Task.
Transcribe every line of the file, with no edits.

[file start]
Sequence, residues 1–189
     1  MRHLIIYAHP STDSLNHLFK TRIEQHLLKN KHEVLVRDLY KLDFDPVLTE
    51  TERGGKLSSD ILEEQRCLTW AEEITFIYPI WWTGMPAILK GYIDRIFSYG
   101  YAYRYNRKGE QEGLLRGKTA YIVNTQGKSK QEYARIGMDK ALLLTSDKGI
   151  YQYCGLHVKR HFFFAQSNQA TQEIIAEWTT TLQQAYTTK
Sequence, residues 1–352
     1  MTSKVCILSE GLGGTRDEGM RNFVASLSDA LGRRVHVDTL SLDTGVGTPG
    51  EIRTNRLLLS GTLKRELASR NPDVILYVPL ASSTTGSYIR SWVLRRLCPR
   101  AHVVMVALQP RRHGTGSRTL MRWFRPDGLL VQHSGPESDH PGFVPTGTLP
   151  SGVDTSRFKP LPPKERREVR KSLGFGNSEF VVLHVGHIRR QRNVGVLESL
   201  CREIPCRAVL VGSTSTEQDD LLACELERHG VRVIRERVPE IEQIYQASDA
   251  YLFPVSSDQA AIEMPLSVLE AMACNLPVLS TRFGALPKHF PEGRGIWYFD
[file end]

Sequence, residues 1–189
     1  MRHLIIYAHP STDSLNHLFK TRIEQHLLKN KHEVLVRDLY KLDFDPVLTE
    51  TERGGKLSSD ILEEQRCLTW AEEITFIYPI WWTGMPAILK GYIDRIFSYG
   101  YAYRYNRKGE QEGLLRGKTA YIVNTQGKSK QEYARIGMDK ALLLTSDKGI
   151  YQYCGLHVKR HFFFAQSNQA TQEIIAEWTT TLQQAYTTK
Sequence, residues 1–352
     1  MTSKVCILSE GLGGTRDEGM RNFVASLSDA LGRRVHVDTL SLDTGVGTPG
    51  EIRTNRLLLS GTLKRELASR NPDVILYVPL ASSTTGSYIR SWVLRRLCPR
   101  AHVVMVALQP RRHGTGSRTL MRWFRPDGLL VQHSGPESDH PGFVPTGTLP
   151  SGVDTSRFKP LPPKERREVR KSLGFGNSEF VVLHVGHIRR QRNVGVLESL
   201  CREIPCRAVL VGSTSTEQDD LLACELERHG VRVIRERVPE IEQIYQASDA
   251  YLFPVSSDQA AIEMPLSVLE AMACNLPVLS TRFGALPKHF PEGRGIWYFD